ADHD is the most common diagnosis for kids and teens. The CDC reports nearly 10% of children ages 2-17 have been given the diagnosis.
ADHD can be a hot topic—is it real? Is it not real? Is medication the best thing? Are medications harming our children in the long-run? While there are many pieces to the discussion, ADHD typically presents as difficulty concentrating, impulsivity, fidgeting, and distractibility. The other lesser talked about issues with ADHD is the impact it has on peer relationships, stress in the home, impacts on self-esteem, and how often it presents with anxiety and depression. Kids and teens with ADHD need support, and you have options around what that support looks like.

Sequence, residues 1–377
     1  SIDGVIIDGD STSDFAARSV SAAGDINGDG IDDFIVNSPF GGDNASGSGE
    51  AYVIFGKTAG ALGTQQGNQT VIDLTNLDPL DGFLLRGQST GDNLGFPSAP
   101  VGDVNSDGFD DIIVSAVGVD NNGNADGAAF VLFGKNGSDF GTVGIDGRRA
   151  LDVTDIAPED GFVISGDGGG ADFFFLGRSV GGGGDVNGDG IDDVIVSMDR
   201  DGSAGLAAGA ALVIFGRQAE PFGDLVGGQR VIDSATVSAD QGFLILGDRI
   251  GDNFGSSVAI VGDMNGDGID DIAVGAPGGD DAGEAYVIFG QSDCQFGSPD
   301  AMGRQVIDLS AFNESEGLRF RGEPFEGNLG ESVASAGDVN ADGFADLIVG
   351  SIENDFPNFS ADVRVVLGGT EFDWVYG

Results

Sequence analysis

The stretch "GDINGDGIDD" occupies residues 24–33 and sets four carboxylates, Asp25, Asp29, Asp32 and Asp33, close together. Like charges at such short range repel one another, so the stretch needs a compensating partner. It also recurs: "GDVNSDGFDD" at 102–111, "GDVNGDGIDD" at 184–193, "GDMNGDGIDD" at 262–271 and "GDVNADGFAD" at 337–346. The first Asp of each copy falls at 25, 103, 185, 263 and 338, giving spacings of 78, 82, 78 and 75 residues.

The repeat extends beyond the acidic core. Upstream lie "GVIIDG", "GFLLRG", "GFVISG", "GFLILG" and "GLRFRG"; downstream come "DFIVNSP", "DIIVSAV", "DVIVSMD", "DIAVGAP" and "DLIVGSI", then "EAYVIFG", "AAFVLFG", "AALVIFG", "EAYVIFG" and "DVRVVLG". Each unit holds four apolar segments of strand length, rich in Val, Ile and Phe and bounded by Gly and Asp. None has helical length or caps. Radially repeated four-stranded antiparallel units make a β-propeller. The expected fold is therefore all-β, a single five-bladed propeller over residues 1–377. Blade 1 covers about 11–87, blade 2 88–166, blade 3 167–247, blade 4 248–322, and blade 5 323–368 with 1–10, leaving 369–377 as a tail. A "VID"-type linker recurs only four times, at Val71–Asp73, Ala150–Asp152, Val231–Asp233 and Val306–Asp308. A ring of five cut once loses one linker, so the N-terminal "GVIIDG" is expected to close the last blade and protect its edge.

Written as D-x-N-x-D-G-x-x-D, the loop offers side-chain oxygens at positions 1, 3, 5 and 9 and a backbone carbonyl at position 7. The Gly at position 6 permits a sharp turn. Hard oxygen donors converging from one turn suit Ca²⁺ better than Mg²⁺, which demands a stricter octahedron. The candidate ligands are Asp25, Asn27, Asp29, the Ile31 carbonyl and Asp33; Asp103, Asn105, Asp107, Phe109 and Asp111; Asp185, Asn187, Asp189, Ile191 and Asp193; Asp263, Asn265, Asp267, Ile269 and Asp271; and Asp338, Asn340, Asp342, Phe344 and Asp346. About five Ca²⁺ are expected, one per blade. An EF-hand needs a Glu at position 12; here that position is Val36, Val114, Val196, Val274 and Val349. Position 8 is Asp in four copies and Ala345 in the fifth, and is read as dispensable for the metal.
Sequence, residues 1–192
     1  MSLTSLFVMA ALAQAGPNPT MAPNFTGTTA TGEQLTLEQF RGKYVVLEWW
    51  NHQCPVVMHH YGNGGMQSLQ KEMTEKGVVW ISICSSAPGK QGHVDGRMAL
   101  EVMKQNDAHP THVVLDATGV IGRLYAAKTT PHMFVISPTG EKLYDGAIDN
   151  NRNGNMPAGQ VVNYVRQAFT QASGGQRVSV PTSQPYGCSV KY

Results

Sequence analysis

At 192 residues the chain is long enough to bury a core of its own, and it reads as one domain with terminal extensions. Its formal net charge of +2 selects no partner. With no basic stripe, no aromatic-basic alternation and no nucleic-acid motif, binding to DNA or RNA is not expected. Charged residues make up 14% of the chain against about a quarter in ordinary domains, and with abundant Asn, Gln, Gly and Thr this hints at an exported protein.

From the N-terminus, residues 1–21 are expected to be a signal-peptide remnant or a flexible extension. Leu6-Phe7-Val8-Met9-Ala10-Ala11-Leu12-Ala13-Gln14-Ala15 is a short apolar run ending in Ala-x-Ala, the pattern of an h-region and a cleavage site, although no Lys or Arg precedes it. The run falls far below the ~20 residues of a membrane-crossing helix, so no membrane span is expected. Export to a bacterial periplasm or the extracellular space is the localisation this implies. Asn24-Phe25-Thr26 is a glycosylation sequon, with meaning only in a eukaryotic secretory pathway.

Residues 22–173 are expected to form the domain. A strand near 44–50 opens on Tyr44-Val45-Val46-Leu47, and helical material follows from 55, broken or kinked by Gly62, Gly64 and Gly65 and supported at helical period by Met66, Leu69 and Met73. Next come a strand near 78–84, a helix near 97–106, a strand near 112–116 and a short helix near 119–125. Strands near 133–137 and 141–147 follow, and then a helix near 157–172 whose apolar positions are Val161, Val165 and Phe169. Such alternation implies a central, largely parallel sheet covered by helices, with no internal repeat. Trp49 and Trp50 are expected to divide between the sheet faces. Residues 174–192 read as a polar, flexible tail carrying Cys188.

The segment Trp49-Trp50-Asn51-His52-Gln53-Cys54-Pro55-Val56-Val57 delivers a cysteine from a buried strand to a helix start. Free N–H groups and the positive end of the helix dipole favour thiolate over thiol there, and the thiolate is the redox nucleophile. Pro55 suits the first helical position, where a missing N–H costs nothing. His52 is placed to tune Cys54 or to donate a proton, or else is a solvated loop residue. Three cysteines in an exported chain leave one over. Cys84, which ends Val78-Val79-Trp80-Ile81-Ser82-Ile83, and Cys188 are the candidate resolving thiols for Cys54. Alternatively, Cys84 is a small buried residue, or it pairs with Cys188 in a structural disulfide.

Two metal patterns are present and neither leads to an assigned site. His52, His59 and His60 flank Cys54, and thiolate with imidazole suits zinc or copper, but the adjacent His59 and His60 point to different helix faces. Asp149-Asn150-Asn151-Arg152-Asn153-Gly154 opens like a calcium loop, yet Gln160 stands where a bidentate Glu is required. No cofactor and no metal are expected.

Learning to parent your child with ADHD is important, as is teaching your child the skills they need to combat the disorder, the third piece of the puzzle is changing the brain. This is why so many children are medicated with stimulants—because they need a brain change. We approach this need through neurofeedback. Rather than taking a neurochemical approach, we take an electrical approach. It’s not as scary as it sounds, read more about neurofeedback here. The lack of concentration and impulsivity are simply a symptom of ADHD, not the problem. When you look at the typical ADHD brain, you see an excess of slow wave activity and not enough fast wave activity—of course they’re going to have a hard time concentrating—their brain is working against them. But if we can change the brain pattern, we can change the symptom, and if you pair that with skills work and parenting strategies, you’re setting your child up for success.